NATO secretary general Jens Stoltenberg said that if NATO leaves Afghanistan, the country will be run over by Taliban within days and it will become a hub for global terror organizations like the ISIS.
Speaking at a pre-ministerial meeting in NATO headquarters, Stoltenberg stated that the challenge stills remain great in Afghanistan, adding that the cost of leaving is bigger than the cost of staying.
“We must continue to ensure that the country never again becomes a safe haven for international terrorists. Over the past months, we have stepped up our support – with more forces and funding, Because the cost of leaving is bigger than the cost of staying,” said Stoltenberg.
According to the NATO chief, the challenge in Afghanistan still remains great. In a question about the importance of the NATO presence in Afghanistan, Stoltenberg said: “It is important for NATO to keep its presence in Afghanistan, because we have to prevent Afghanistan from once again becoming a stage, to plan to organize, to execute terrorist attacks against our own countries.
There is a high cost of staying in Afghanistan, there is a high financial cost for NATO allies and there is a high human cost. We have had fatalities also in the past weeks but we have to compare the cost of staying with the cost of leaving.
“If NATO leaves Afghanistan, we have to be prepared there is a high risk that the Taliban will come back, and the different terrorist organizations will be able to gain ground and establish strong footholds in Afghanistan. For instance, we know that al-Qaeda is there, we know that ISIS is there. So this is about helping Afghanistan, but its also about helping ourselves.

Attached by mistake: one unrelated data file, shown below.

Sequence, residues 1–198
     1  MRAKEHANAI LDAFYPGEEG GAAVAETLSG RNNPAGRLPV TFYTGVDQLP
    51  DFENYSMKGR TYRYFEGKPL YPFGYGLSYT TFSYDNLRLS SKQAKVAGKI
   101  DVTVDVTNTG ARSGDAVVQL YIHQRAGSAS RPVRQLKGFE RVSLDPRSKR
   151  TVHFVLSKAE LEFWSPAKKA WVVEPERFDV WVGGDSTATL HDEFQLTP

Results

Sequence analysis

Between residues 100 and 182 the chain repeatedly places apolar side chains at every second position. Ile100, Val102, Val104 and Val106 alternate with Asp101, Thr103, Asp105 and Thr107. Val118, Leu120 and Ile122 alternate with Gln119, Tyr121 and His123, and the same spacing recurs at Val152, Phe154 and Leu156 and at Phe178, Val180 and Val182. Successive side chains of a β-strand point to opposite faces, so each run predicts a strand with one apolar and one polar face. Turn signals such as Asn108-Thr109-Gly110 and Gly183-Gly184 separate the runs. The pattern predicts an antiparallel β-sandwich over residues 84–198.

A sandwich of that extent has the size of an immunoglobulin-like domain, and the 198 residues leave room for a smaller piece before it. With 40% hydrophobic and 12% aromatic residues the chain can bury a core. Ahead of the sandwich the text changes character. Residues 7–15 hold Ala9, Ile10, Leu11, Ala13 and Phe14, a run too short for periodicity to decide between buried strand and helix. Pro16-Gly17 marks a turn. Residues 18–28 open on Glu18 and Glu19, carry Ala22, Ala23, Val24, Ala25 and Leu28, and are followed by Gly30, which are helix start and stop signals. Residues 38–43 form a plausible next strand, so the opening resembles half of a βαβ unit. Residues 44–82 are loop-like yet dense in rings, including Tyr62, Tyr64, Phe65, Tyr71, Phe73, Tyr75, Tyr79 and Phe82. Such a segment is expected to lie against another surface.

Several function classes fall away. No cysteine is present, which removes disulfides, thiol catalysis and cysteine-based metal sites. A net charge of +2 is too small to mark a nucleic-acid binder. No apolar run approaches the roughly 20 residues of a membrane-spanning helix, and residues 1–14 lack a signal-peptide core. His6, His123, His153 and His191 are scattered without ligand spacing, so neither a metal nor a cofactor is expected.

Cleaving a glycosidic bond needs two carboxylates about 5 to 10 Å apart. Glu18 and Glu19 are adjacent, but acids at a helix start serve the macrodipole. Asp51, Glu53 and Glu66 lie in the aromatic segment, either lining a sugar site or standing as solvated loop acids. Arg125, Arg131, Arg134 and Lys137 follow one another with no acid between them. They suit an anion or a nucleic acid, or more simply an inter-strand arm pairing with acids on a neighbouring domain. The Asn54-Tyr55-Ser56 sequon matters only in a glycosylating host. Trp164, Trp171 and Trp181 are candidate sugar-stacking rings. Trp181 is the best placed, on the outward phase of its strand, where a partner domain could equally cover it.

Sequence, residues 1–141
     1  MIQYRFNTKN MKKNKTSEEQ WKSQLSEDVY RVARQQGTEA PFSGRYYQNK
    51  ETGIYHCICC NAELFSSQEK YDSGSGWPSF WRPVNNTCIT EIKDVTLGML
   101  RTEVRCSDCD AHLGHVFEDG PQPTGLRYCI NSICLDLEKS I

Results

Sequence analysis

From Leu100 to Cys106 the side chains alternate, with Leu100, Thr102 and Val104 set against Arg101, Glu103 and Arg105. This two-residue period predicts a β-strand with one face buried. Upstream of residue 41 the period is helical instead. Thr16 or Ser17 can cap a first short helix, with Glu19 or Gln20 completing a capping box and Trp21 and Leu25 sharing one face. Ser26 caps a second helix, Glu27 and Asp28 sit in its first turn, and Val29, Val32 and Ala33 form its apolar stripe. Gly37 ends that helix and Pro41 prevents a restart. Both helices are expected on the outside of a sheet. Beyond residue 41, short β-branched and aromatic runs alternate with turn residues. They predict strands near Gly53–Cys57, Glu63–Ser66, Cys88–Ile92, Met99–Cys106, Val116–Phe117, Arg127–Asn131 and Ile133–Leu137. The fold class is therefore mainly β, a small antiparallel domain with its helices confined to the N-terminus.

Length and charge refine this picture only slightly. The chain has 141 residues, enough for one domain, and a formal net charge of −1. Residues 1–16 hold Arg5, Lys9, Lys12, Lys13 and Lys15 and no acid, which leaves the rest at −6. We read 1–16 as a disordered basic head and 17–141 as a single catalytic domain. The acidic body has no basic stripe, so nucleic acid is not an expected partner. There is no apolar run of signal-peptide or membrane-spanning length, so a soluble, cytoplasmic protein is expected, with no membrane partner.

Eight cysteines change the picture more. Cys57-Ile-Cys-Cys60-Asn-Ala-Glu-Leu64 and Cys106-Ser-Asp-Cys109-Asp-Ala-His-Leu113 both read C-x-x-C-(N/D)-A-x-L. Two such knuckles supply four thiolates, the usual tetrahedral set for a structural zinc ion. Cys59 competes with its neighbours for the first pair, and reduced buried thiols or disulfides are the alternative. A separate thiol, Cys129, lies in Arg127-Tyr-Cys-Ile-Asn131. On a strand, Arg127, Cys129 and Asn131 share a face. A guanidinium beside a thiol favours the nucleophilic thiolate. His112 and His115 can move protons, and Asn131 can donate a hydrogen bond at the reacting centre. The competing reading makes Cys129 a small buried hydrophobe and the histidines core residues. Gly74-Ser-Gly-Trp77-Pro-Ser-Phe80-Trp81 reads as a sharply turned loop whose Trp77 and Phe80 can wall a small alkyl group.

“it is important that Afghanistan holds elections because elections are key to any democratic society. It is up to Afghan authorities to decide exactly when taking into account the security situation and all other issues. I think there are some lessons learnt from the parliamentary elections, which should be taken into account while Afghanistan now prepares for the presidential elections. I was assured when I visited Afghanistan a few weeks ago that the elections would be held,” he said.
The NATO Ministerial will conclude with a meeting of all nations contributing to the Resolute Support training mission in Afghanistan. The statement comes at a time that during recent weeks, the US has extended its efforts to bring the Taliban to the negotiating table, aimed at ending the 17-year-long conflict in the country.
US President Donald Trump has sought Pakistan’s help, with Afghan peace talks in a letter to Prime Minister Imran Khan, the South Asian nation’s information minister, Fawad Chaudhry, said on Monday.
Trump wants to end a 17-year-old war between Afghan security forces and the Afghan Taliban militants, who are fighting to drive out international forces and establish their version of strict Islamic law, according to Reuters.
US officials have long been pushing Pakistan to lean on the Taliban leadership, which Washington says is based in the country, to bring them to the negotiating table. “President Trump has written a letter,” Chaudhry told Reuters. “He has asked for Pakistan’s cooperation to bring the Taliban into talks.”
Last month, Trump said in an interview Pakistan doesn’t “do a damn thing” for the United States despite billions of dollars in US aid, adding that Pakistani officials knew of former al-Qaeda leader Osama bin Laden’s location before his killing by US troops in a 2011 raid inside Pakistan.